Benin is an elongated country and one of Africa’s most stable and democratic countries with a strong civil society. At the same time, Benin is one of the least economically developed countries in the world and half the population lives on less than $ 1.90 a day.
The weak economic growth has had major consequences for children’s rights. 45 percent of Benin’s children are chronically malnourished, so even the basic right to survive is difficult to fulfill. Teenage pregnancies, school violence and child marriage are some of the reasons why many young people, especially girls, do not complete their education.
Some results from the past year
Through our programs, we work at Plan International to strengthen children’s and young people’s rights to survival, development, protection and participation. In the past year, we have, among other things, contributed to 48 communities receiving vital education in nutrition and diet for children. We have also focused on combating violence in school education. Educational advisers have worked closely with schools to establish a safe learning environment so that children and young people will feel safe in school and thus complete their education.
Took control of his own destiny
With support from Plan International, I practice to become a hairdresser. Soon I want to be able to earn my own money and create a life for me and my children. In the future, I want to open my own salon.
Female, 17 years
When Kevinne was 14 years old, she was forced to marry an older man. A month into the marriage, she became pregnant, but her new husband became increasingly violent. Today, she is proof that girls can take control of their own lives. With support from Plan International, Kevinne has learned about children’s rights and the risks of teenage pregnancies. She uses the knowledge together with her experiences to support and educate other girls.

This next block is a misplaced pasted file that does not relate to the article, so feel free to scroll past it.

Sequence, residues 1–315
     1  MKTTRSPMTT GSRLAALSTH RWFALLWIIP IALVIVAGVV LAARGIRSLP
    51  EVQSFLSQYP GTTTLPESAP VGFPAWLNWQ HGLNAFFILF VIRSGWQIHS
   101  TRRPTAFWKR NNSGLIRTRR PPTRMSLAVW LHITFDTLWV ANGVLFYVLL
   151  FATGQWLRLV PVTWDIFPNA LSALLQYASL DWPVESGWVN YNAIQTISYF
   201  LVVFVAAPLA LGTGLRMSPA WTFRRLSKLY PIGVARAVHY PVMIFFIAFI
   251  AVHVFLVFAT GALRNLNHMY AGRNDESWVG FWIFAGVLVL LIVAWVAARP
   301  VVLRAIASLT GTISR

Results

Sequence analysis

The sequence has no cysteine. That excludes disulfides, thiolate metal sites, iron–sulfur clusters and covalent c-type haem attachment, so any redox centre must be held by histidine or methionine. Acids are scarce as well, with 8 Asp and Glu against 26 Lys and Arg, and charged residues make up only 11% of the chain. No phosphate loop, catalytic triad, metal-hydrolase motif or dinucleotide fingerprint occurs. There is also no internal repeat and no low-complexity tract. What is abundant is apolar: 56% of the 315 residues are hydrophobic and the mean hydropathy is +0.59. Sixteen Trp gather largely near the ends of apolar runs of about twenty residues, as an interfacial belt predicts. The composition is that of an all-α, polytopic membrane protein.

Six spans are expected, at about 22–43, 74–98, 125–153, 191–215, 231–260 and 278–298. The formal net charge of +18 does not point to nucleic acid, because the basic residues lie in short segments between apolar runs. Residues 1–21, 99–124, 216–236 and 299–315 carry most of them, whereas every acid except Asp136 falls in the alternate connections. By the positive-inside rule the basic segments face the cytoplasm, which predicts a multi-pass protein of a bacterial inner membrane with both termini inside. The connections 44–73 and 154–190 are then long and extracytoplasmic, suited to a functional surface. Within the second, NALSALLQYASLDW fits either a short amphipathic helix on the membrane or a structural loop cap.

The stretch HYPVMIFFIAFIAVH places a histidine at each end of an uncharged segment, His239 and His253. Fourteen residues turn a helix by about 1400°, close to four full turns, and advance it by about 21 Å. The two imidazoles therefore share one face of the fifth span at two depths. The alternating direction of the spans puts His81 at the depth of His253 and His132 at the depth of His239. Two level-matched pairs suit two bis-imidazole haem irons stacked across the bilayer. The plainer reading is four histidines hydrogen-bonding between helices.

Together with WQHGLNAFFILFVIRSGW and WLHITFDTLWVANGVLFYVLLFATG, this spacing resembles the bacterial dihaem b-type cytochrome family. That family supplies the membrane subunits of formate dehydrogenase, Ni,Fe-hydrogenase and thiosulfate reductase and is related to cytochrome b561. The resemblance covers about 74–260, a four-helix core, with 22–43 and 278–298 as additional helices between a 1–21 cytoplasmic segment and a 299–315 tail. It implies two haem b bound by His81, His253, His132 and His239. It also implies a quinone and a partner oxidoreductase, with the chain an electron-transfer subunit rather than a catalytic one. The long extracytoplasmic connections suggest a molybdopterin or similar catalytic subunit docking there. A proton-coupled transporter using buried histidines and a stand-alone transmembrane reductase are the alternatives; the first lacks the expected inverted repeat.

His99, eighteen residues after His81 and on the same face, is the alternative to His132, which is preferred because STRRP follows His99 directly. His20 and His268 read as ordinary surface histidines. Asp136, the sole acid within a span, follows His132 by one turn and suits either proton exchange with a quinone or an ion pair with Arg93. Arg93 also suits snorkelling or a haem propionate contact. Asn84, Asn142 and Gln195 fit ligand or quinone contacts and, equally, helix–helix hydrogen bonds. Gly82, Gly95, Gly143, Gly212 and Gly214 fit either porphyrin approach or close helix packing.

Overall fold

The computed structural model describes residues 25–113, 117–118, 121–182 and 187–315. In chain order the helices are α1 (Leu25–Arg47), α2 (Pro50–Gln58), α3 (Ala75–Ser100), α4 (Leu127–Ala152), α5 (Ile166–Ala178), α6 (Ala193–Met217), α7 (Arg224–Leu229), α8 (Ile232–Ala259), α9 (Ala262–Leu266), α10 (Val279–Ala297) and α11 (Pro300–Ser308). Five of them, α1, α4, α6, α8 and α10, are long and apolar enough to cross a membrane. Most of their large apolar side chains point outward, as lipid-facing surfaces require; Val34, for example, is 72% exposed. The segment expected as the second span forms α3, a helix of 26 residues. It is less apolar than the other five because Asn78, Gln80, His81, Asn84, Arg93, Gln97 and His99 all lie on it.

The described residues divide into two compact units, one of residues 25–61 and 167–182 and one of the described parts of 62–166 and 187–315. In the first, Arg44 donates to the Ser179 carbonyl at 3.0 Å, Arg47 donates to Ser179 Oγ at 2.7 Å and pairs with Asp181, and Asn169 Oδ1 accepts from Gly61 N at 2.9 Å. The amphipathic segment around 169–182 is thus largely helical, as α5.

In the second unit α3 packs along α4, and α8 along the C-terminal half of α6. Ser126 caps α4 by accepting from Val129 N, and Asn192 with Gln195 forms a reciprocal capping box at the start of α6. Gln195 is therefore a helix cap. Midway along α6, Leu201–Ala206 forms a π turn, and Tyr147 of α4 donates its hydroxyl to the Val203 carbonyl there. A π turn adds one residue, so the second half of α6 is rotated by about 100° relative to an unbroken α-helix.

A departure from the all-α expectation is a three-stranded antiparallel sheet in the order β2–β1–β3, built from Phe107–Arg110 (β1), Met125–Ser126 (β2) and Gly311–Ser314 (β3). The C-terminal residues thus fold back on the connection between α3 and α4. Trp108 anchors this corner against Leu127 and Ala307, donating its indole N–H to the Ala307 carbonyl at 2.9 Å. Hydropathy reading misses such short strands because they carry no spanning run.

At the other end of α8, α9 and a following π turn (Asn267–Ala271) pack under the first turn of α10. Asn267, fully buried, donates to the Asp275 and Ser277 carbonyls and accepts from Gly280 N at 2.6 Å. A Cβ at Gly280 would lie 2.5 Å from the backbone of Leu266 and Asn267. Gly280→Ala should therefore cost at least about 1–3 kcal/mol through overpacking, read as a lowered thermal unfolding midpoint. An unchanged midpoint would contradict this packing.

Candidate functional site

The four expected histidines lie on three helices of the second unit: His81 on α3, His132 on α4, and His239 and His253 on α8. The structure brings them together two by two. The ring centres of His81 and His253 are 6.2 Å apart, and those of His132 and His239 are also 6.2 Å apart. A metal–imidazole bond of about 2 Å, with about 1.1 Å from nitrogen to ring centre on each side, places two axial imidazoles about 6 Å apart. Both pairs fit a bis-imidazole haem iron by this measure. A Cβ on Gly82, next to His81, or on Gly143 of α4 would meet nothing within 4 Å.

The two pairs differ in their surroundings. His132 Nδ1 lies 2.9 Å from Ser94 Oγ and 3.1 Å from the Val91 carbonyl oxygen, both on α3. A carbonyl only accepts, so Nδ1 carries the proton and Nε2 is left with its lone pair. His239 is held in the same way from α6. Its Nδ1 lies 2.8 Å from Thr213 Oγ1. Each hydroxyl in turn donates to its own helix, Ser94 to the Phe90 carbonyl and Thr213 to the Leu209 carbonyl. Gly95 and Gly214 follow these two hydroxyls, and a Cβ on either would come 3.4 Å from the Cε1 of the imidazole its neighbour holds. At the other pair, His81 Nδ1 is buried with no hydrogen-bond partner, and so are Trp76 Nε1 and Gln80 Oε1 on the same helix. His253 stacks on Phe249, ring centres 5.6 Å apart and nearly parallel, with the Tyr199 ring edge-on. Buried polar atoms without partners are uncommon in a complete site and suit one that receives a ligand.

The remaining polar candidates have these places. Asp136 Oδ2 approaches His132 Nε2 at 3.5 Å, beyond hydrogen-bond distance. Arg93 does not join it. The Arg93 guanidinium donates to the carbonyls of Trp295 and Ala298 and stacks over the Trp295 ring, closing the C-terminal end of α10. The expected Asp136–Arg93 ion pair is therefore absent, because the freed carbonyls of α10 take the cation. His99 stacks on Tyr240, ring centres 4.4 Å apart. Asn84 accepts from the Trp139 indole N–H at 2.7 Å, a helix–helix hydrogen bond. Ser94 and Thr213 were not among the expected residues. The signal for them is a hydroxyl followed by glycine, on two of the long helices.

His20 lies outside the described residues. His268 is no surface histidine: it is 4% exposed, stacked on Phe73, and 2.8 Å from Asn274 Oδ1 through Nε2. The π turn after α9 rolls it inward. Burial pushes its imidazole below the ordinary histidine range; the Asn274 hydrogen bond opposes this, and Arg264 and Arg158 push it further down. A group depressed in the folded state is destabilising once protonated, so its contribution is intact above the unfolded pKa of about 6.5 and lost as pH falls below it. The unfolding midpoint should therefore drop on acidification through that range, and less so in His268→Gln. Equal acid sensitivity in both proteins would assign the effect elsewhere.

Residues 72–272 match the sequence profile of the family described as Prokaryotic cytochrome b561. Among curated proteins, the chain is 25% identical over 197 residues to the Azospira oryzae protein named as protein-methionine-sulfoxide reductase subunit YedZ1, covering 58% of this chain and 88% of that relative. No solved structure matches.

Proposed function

More time for homework
My favorite subject is French. I would like to become a journalist because then I will have more opportunities to travel around the world.
Rose, 13 years
Rose goes to school and has ambitions for the future. She lives with her grandmother who is a farmer. For many girls in Rose’s age, a lot of time is spent fetching water, but with the new well in society, Plan International has ensured that that time can instead be used for homework and leisure.
The students participate in the new schools
In the Sodohomé and Adogbé areas, students have been involved in creating their new schools. Plan International has supported communities with new school buildings and education for girls’ rights.
Three new school buildings, an office and a shop. It has been possible to build in two areas in Benin thanks to support from Plan International. The students themselves were involved in designing the schools through their school councils. For example, they decided on the color of the walls and contributed their thoughts and experiences, among other things, to get as good and safe toilets as possible.
Staff from Plan International Benin have also held trainings on female leadership and children’s right to protection and security. 60 girls and 30 boys have received training in young leadership through games and football. Four teachers per school also participated in the leadership training to be able to follow up and lead similar activities with the students in their schools. Both schools received footballs and other things needed to be able to arrange tournaments at the end of the school year.
Plan International Benin has also trained and started up new safety committees in both areas. These committees work to make more people aware of the problems of early pregnancies and violence against girls and women, which is a problem not least during the school holidays. The committees are intended to be a complement to the work done in the school.
Facts about Benin
Capital: Porto Novo, the President and the Government are in Cotonou
Population: 10 million
Life expectancy: 61 years
Infant mortality rate: 63 per 1000 births
Proportion of children starting school: 94.9%
Proportion of women in Parliament : 7.2%